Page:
A CEO Of Election Software Is Arrested On Suspicion Of Theft

Los Angeles County said on Tuesday that they had arrested the chief executive of an elections technology business that has been the center of attention of election doubters in connection with an investigation into the probable theft of personal information regarding poll workers.

The Los Angeles County District Attorney, George Gascón, issued a statement saying that Eugene Yu, the founder and CEO of the technology business Konnech, had been arrested on suspicion of stealing.

A Ceo Of Election Software Is Arrested On Suspicion Of Theft
A Ceo Of Election Software Is Arrested On Suspicion Of Theft

Konnech, headquartered in Michigan, creates applications to handle election logistics, such as staff scheduling. It serves consumers all around California, including those in Los Angeles County.

Groups questioning the fairness of the 2020 presidential election have accused the corporation of holding data on poll workers on computers in China. The corporation has disputed to many outlets, most recently The New York Times, that it stores data elsewhere besides the United States.

The office of Mr. Gascón said that its investigators had located information on Chinese servers. Konnech’s agreement with the county prohibits them from storing the data there.

Few further specifics concerning the probe were made public by the county. However, the statement clarified that the allegations included just poll worker information and that “the alleged behavior had no influence on the tallying of votes and did not affect election results.”

The district attorney’s office warned that “data breaches are a constant menace to our digital way of life.” A company’s ability to keep customers’ private information safe is a prerequisite to earning that business. If not, we are all helpless victims.”

A representative for Konnech issued a statement saying the business was investigating the “details of what we consider to be Mr. Yu’s illegal incarceration” and that it stood by the claims it made in its lawsuit against election doubters who had accused it of misconduct.

“Any L.A. County poll worker data that Konnech may have obtained was supplied to it by L.A. County and so could not have been’stolen,’ as stated,” the spokesman added.

In an email statement, the Los Angeles County district attorney’s office claimed it had reason to think that election workers’ personal information had been “criminally misused.” They wanted Mr. Yu, who is from Michigan, to be extradited to Los Angeles.

Some people who don’t believe in the legitimacy of elections, including the organization’s founder, have been looking into Konnech this year. Personal information on 1.8 million American poll workers was allegedly obtained by True the Vote from a server owned by Konnech and located in China.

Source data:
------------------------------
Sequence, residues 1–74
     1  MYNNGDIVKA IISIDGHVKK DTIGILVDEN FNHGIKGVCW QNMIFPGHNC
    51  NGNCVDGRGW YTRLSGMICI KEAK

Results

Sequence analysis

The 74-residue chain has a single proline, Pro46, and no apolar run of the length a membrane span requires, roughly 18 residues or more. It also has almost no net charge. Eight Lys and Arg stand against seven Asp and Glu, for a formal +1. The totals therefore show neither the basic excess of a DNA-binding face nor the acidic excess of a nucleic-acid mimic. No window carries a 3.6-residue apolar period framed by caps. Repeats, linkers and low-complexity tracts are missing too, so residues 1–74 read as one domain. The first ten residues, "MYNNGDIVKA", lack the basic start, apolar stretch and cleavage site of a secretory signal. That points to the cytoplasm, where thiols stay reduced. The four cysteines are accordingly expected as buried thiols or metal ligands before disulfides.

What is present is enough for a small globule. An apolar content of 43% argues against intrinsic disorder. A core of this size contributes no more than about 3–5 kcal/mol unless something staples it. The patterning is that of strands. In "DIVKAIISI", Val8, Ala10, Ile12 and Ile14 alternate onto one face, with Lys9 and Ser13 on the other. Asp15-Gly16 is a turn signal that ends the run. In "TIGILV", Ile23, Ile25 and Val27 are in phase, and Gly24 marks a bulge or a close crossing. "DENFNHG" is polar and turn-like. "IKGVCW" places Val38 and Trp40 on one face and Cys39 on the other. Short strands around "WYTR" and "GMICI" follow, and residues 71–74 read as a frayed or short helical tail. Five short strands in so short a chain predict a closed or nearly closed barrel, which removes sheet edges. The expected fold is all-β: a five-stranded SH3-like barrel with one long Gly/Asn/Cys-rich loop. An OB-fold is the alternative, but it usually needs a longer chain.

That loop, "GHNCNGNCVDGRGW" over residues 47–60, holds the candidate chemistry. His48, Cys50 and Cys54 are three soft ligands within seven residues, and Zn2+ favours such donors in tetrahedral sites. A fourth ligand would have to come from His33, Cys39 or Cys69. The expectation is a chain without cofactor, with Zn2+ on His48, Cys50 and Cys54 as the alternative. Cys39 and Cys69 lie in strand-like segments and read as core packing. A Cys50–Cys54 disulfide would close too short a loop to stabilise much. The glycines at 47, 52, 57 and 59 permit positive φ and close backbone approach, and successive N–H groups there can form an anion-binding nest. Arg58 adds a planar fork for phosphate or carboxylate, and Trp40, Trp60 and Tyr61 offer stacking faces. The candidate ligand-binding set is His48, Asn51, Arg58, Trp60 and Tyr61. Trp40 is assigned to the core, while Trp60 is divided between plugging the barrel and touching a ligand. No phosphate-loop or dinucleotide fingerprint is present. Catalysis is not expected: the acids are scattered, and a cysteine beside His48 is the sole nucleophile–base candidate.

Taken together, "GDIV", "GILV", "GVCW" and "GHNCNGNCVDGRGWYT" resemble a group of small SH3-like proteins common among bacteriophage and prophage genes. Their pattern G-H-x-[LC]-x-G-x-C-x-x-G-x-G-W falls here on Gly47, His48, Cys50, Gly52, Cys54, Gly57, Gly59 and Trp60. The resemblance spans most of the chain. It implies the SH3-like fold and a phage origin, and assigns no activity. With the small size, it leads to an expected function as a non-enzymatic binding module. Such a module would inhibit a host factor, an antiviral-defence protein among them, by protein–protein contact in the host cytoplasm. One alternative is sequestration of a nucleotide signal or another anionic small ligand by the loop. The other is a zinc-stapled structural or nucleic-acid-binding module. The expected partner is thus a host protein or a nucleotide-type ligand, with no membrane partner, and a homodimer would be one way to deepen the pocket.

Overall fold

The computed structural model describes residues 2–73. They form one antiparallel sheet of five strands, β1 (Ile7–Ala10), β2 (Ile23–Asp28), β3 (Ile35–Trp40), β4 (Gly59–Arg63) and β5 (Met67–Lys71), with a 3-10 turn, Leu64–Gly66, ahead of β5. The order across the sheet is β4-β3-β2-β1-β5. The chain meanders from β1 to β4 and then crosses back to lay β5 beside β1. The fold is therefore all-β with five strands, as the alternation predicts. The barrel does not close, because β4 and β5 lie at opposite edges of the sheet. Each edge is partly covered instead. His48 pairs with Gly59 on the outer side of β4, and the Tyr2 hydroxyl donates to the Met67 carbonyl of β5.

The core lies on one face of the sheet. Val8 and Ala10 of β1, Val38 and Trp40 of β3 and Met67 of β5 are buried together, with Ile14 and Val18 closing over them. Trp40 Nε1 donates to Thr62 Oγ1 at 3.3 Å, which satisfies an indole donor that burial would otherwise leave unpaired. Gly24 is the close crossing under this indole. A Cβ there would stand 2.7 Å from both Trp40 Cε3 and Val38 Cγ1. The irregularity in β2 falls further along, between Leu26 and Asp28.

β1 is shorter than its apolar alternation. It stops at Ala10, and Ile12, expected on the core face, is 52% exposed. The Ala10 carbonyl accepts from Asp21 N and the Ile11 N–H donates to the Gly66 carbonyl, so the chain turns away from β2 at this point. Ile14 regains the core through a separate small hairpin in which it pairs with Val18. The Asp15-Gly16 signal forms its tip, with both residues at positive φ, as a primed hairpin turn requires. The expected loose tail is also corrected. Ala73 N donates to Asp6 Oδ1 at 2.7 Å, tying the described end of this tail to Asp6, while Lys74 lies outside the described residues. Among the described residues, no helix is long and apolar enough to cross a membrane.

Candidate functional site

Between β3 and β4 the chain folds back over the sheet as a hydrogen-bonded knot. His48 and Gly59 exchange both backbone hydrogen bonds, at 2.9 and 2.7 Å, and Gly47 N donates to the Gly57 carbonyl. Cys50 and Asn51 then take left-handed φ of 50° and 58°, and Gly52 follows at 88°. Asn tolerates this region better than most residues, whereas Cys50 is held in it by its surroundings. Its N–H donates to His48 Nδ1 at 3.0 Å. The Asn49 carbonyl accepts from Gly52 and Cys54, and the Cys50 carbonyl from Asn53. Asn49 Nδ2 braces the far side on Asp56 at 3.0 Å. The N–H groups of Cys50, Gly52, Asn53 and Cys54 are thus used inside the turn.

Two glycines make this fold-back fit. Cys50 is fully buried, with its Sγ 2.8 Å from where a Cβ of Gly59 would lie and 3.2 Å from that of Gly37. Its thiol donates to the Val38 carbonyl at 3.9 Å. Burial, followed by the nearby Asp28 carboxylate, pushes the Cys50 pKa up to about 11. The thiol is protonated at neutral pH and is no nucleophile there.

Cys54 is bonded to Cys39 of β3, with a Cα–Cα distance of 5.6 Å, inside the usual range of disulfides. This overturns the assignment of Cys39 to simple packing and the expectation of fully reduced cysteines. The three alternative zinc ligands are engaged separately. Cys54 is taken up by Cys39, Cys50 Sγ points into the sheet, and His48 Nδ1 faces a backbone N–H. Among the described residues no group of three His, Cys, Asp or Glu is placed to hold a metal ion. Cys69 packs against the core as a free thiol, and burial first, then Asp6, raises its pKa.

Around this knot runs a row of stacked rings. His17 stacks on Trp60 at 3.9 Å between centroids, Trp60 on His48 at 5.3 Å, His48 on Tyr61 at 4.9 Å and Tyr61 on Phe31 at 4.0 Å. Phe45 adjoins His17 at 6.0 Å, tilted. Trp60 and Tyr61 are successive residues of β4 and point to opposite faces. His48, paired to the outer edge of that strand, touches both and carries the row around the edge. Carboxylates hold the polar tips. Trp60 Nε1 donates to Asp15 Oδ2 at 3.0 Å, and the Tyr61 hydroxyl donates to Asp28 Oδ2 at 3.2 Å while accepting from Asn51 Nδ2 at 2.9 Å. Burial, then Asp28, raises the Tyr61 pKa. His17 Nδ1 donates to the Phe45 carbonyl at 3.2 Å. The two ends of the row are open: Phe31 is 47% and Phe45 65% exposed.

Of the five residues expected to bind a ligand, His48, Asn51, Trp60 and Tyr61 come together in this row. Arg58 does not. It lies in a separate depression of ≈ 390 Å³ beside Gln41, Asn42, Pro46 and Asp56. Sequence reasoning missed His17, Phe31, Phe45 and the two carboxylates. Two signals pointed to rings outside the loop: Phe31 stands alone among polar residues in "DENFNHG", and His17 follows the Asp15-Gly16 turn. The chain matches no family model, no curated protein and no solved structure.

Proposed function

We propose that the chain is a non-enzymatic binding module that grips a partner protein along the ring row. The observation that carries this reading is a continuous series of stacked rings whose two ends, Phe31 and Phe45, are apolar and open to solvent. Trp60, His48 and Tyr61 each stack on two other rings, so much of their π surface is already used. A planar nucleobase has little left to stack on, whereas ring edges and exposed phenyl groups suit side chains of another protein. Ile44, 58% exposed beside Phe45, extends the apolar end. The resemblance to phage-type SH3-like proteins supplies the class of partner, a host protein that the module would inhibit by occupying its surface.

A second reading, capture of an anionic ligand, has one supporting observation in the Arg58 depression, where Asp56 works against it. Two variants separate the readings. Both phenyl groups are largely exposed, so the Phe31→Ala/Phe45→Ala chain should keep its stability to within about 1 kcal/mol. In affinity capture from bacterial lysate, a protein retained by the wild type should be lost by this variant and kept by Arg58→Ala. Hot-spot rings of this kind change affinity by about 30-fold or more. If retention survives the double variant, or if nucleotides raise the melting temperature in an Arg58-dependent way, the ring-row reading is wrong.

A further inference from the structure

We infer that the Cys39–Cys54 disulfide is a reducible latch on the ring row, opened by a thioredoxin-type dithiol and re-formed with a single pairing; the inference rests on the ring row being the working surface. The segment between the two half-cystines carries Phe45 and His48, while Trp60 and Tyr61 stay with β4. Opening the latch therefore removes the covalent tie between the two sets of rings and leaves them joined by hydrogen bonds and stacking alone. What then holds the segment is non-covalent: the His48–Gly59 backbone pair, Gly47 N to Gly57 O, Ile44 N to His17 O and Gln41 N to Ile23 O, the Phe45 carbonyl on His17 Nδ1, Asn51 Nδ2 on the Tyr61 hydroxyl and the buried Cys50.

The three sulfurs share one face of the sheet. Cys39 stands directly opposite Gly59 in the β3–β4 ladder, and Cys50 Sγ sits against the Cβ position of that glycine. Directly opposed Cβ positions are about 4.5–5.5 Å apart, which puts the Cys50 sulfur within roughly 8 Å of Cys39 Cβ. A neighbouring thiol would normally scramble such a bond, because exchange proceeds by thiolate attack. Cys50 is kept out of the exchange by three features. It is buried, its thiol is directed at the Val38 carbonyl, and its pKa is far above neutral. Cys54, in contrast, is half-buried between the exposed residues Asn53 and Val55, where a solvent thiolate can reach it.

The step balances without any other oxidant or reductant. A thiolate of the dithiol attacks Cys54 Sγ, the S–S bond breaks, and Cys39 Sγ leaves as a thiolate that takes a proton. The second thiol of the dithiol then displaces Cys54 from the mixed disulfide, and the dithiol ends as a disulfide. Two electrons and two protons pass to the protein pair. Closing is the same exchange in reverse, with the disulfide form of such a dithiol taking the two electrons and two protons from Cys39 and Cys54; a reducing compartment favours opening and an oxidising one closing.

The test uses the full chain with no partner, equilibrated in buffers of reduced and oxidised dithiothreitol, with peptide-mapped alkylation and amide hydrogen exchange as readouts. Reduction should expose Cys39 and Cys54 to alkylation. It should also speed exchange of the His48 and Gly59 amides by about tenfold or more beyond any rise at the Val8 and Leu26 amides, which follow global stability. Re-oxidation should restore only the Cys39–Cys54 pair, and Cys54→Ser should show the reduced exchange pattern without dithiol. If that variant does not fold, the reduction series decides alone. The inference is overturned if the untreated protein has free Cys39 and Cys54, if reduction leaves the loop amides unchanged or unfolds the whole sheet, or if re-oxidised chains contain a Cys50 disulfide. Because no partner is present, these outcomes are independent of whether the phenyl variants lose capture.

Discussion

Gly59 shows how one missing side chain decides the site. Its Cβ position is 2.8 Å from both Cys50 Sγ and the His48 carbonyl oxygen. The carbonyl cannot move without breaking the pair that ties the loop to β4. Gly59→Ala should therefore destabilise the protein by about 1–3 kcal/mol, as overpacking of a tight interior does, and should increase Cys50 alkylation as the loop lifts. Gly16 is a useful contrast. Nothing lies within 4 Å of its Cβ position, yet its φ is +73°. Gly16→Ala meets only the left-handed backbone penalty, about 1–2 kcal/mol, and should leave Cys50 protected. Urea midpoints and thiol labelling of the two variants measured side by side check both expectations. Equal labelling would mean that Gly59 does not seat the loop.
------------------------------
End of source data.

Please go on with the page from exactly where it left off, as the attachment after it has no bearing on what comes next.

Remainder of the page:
According to internet testimonies of persons who attended a symposium regarding voter fraud, it claimed to have accessed the data by using the server’s default password, which it stated was “password.” However, while claiming to have supplied the material to the FBI, the organization offered no proof that it had really downloaded the data.

Online, the assertions swiftly gained traction, with some supporters expressing alarm at the possibility of Chinese meddling in American elections.

According to rumors, Georgia’s Dekalb County, which was about to sign a contract with Konnech, heard about the company’s shady dealings. During a public comment session at the county’s elections board meeting on September 8, Marci McCarthy, chairperson of the county’s Republican Party, had concerns about the company’s data storage and security practices.

Konnech denied the allegations, saying the company possessed data on less than 240,000 employees at the time and had found no signs of a data breach in an interview with The New York Times. Software was built and tested by an affiliate of Konnech based in China. Developers at the business supposedly only ever tested using fake information. In 2021, we wind up the subsidiary.

Konnech filed a lawsuit against election-skeptic True the Vote, its founder Catherine Engelbrecht, and frequent collaborator Gregg Phillips last month. Konnech accused the gang of, among other things, defamation, theft, and breaking the law by accessing a computer without permission (in violation of the Computer Fraud and Abuse Act).

An immediate restraining order was issued at Konnech’s request, compelling True the Vote to name the individual(s) it believes acquired unauthorized access to Konnech’s data. In a court document that was supposed to remain under seal, True the Vote revealed the identity.

The organization issued a statement expressing its “deep gratitude” to the Los Angeles District Attorney’s Office for their “thorough investigation” and “quick action” in the case.

According to True the Vote, the Los Angeles district attorney’s office denied any involvement in the county’s inquiry and claimed ignorance of True the Vote’s probe.

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